Lucid Culture

JAZZ, CLASSICAL MUSIC AND THE ARTS IN NEW YORK CITY

CD Review: John Prine – In Person & On Stage

John Prine is one of those songwriters whose music give you instant cred because he’s such a cult artist. He never had a radio hit of his own (although Bonnie Raitt scored mightily with Angel from Montgomery), never was particularly trendy or popular, quite possibly because his output over the past forty years has been so consistently intelligent and often brilliant. Over a career that spans part of five decades, Prine has written scores of wry, clever Americana-rock narratives, many of them classics. Steve Earle would be hard to imagine without him. Prine was one of the first artists to abandon the major label world and release his own music on his own label, Oh Boy Records, the folks responsible for this latest live album which came out late last month. For Prine fans, this is a must-own; for the uninitiated, it’s as good an introduction as any to one of the great songwriters of this era.

In the 70s, Prine’s sardonic drawl always made him seem twenty years older than he was – at this point, his vocals have a time-ravaged edge, approaching Ralph Stanley territory, but his vitality as a performer and writer comes across absolutely undiminished here (NPR has his recent Bonnaroo appearance streaming here). In this semi-acoustic setting, he’s joined by Jason Wilber, a richly melodic, tasteful yet exuberant lead guitarist who’s equally at home with twangy honkytonk as he is with incisive blues. The set is a mix of material from live shows from the recent past, with songs dating as far back as Prine’s 1971 debut album. He’s always had a sentimental streak, but even on the occasion where that vibe might overwhelm the song, the quality of the music here transcends that. She Is My Everything might not be the most poetic love song ever written, but its rich, spiky web of interlocking guitars is, well, transcendent (you can get a free mp3 here). He’s still got that indelibly literate, stream-of-consciousness stoner humor, and there’s virtually always a slyly defiant undercurrent at work here, whether on the upbeat Spanish Pipedream (be careful what you wish for), or going full blast on the classic Your Flag Decal Won’t Get You Into Heaven Anymore, as apropos today in the “tea party” era as it was in its Vietnam War heyday.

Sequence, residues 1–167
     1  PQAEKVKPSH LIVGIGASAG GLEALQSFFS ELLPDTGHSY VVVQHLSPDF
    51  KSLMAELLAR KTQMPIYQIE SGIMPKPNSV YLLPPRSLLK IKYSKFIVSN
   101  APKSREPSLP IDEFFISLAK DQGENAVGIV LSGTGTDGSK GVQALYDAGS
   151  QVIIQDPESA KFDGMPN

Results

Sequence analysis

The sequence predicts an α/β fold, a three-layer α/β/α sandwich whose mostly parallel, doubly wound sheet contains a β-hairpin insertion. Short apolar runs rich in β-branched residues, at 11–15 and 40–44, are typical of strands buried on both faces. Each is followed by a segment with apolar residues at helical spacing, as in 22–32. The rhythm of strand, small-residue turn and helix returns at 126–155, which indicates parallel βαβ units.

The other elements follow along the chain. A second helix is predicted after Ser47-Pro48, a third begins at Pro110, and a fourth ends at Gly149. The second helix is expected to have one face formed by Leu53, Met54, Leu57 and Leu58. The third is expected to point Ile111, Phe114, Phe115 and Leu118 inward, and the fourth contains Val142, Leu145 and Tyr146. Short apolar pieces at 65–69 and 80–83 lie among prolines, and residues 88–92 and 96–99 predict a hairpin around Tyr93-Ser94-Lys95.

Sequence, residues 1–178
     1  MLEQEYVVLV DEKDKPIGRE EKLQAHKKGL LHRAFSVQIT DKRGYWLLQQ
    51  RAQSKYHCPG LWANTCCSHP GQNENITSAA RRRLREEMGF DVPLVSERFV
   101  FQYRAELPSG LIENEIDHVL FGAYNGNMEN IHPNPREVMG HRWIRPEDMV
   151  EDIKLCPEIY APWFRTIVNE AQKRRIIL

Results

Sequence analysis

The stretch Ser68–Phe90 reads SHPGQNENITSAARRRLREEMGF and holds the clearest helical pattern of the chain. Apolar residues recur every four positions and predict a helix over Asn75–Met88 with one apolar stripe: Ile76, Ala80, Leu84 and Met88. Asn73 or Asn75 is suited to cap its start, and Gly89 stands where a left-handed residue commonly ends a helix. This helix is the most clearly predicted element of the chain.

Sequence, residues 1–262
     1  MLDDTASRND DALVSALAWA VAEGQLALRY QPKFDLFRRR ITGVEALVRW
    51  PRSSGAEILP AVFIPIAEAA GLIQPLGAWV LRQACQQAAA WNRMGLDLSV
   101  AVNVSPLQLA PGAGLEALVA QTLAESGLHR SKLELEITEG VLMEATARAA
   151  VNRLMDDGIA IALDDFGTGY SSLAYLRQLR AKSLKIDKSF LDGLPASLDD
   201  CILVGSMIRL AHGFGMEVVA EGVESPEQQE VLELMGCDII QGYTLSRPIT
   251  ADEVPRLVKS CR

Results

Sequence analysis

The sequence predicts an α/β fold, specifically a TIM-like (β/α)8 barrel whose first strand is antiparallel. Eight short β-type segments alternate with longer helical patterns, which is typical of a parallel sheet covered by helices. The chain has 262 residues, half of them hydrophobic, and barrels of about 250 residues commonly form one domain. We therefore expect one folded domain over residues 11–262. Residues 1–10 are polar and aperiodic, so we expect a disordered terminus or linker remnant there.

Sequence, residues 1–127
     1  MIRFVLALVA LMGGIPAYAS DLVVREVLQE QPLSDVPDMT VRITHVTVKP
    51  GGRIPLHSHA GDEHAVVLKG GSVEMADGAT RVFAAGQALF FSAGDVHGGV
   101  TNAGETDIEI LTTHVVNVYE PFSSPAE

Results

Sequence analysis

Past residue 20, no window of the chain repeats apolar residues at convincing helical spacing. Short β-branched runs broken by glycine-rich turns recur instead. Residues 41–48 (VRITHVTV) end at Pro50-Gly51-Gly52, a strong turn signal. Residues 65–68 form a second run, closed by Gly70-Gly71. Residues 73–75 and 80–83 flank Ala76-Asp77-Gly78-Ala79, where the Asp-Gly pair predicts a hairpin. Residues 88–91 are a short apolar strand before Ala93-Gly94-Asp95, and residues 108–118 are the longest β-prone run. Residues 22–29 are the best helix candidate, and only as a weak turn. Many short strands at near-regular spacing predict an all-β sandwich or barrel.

The acoustic version of the death-obsessed Mexican Home (with Josh Ritter) doesn’t have the spooky organ of the original 1973 recording but still holds up surprisingly well. The brooding, metaphorically charged Saddle in the Rain gets a fresh treatment that considerably surpasses the studio version. There’s also the surreal In Spite of Ourselves, a comically boozy duet with Iris DeMent; the subdued Long Monday, with its surprise dark ending; a slow, pretty version of The Late John Garfield Blues, with Sara Watkins on vocals; a fiery, careening, guitar-stoked version of Bear Creek Blues; the poignant Unwed Fathers (also a duet with DeMent) and the obligatory Angel from Montgomery, Emmylou Harris mystifyingly waiting to appear on the second verse after Prine has announced in his baritone drawl that he is an old woman named after his mother. Surreal as it is, it actually works alongside everything else. Nice to see an icon from decades past still going strong.

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June 17, 2010 - Posted by | country music, Music, music, concert, review, Reviews, rock music | , , , , , , , , , , , , , , , , , , ,

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